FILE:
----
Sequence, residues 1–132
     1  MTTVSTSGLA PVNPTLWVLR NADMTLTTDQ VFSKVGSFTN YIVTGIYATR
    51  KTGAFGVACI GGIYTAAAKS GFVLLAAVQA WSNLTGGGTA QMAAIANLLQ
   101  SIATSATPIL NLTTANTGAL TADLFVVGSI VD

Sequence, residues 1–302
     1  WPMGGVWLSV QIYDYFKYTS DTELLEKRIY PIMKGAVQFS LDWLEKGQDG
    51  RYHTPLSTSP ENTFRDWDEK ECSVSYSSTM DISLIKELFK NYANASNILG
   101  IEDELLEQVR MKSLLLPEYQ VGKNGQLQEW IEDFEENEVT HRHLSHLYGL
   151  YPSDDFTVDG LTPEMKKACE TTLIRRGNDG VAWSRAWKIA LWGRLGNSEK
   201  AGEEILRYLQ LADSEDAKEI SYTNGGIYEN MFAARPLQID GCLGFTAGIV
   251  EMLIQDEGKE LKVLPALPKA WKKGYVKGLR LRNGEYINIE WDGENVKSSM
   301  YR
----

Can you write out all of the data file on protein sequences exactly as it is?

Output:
Sequence, residues 1–132
     1  MTTVSTSGLA PVNPTLWVLR NADMTLTTDQ VFSKVGSFTN YIVTGIYATR
    51  KTGAFGVACI GGIYTAAAKS GFVLLAAVQA WSNLTGGGTA QMAAIANLLQ
   101  SIATSATPIL NLTTANTGAL TADLFVVGSI VD

Sequence, residues 1–302
     1  WPMGGVWLSV QIYDYFKYTS DTELLEKRIY PIMKGAVQFS LDWLEKGQDG
    51  RYHTPLSTSP ENTFRDWDEK ECSVSYSSTM DISLIKELFK NYANASNILG
   101  IEDELLEQVR MKSLLLPEYQ VGKNGQLQEW IEDFEENEVT HRHLSHLYGL
   151  YPSDDFTVDG LTPEMKKACE TTLIRRGNDG VAWSRAWKIA LWGRLGNSEK
   201  AGEEILRYLQ LADSEDAKEI SYTNGGIYEN MFAARPLQID GCLGFTAGIV
   251  EMLIQDEGKE LKVLPALPKA WKKGYVKGLR LRNGEYINIE WDGENVKSSM
   301  YR